Infant Education

One day unborn, the next breathing on their own

As a mother of 12 children, I admit to a preference for infants over any other age. To me, infants are so miraculous; one day unborn, the next breathing on their own and having the Moro reflex—where you clap and they arch their backs with arms and legs akimbo. This simple neurological reflex is, to me, a marvel. Watching a pediatrician perform basic neurological tests on my newborns, never fails to inspire awe in this mother many times over.

Other parents might think I'm wasting my time

Since I do have this predilection for entertaining newborns, I spend a great deal of time with my babies, talking to them, when other parents might think I'm wasting my time. I believe that the more I talk to my babies, the easier it will be for them to learn to express themselves with words. In fact, my babies speak at a very young age, and I am sure that this is due to the very verbal attention I give them.

An indelible impression

Years ago, in Time Magazine, I read an article that described a just discovered phenomenon in which a newborn matches his facial expressions to that of his father. The article was accompanied by photos. As the father made the open wide shape of the sound, 'ooo,' the baby opened his mouth as well. These photos made an indelible impression on me.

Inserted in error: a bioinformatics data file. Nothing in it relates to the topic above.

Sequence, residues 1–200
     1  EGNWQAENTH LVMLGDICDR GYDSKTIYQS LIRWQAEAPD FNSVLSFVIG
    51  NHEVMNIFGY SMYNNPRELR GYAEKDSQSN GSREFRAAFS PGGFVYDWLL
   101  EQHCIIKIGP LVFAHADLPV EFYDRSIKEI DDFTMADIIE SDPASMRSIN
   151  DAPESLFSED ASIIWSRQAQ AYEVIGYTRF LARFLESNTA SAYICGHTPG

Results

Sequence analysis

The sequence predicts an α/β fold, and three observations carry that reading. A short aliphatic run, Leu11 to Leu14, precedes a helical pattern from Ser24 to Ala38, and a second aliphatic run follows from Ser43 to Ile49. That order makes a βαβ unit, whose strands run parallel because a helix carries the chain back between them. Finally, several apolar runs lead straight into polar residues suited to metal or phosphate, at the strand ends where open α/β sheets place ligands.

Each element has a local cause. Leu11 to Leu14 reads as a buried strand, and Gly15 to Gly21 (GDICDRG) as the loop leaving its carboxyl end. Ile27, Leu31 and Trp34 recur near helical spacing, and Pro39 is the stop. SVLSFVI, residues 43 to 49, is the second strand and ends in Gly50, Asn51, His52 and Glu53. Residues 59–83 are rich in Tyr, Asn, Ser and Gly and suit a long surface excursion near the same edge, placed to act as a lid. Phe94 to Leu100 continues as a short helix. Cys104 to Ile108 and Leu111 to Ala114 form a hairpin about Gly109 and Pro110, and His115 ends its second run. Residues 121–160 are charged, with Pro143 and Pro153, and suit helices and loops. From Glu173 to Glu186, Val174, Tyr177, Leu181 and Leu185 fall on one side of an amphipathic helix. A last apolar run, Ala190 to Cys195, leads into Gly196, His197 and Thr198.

I have found that my own newborns, given half a chance, display this same phenomenon with me, and I created a game that elicits such a response from my babies. I prop the baby against my legs as I lay in bed with my knees up. This way, the baby's face is at eye level to my own. He has a clear view of my face as I mouth vowel sounds. I enunciate with clarity and exaggerate the movements of my mouth and lips as I say, "Aaaaaaaaaaaah, Eeeeeeeeeeh, Oooooooooh…..Oooooooooo."

I build up the excitement as I say the vowels, letting my voice slide up at the end of each syllable. The last sound, 'ooo,' is said in a high, squeaky voice and rides down the scale, as if, in fact, a child was calling as he goes down a slide. I find that my babies will concentrate hard on my face and try to mimic the shape of my mouth as I say the sounds. They often smile, even though quite young, at the concluding syllable.

Of course, babies have limited attention spans. Whenever I play a game with a newborn, I watch for signs that his attention has waned. He will break eye contact and look away from me. I do the same, and give him a minute or two to recharge, and then start all over again.

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